Weatogue and Weatogue Road
Main attributes of this Native American place: Native name; In Tribal history; Archaeological; Travel route; Native practices; Landscape; In historic documents.
Weatogue is a locality on the Housatonic River in the northeastern part of present-day Salisbury. It is at the northern end of Weatogue Road, just south of the Massachusetts border and the landmark of Bartholomew’s Cobble. Archaeological evidence suggests that Native American settlement occurred in this area for at least 7,000 years prior to European contact. Locations on the river were favorable for seasonal fishing, and local tradition holds that an Indian fording place was located near here. Weatogue Road almost certainly evolved from an ancient Indian trail.
In the decades prior to the incorporation of the Township of Salisbury in 1741, Weatogue (or “Weatauk”) was occupied by a Native American community who identified themselves as Mohican. They likely lived in a small cluster of wigwam dwellings, and moved around seasonally within the locality. Prior to 1740, they had relations with a small number of ethnically Dutch settlers, who had come over from the neighboring New York Colony. Following the incorporation of Salisbury in 1741, the Mohican community was pressured into selling their lands elsewhere in Salisbury, but continued their efforts to maintain ownership of the Weatogue locality in the northeastern part of the town. The names of numerous Weatogue Mohican people are known from the early land deeds.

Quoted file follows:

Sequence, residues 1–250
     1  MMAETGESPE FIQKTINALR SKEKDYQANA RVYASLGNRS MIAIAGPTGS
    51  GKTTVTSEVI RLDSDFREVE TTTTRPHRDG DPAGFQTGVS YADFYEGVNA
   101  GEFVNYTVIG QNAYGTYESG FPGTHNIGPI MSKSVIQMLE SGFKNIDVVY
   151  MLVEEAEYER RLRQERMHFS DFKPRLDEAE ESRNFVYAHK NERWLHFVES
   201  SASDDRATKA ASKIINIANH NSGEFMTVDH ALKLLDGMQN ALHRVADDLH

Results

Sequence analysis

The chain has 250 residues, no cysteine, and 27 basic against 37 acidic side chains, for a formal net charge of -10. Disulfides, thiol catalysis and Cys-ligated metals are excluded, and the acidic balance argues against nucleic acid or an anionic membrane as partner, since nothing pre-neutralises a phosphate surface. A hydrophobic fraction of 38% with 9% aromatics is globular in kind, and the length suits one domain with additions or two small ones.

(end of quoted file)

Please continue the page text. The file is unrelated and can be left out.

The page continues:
Thoughts to consider as you stand upon this place: Weatogue Road presumably evolved out of an ancient path that led northward to the Native settlement area near Bartholomew’s Cobble. Many Native American archaeological sites have been recorded along this road and in the vicinity of the Cobble, a testament to thousands of years of settlement in this direct vicinity, going back more than 7,000 years, and
continuing into the Colonial period.
Contributor: Timothy Binzen
- Binzen, Timothy L. 1997. Mohican Lands and Colonial Corners: Weataug, Wechquadnach and the Connecticut Colony 1675-1750. M.A. Thesis, Department of Anthropology, University of Connecticut, Storrs.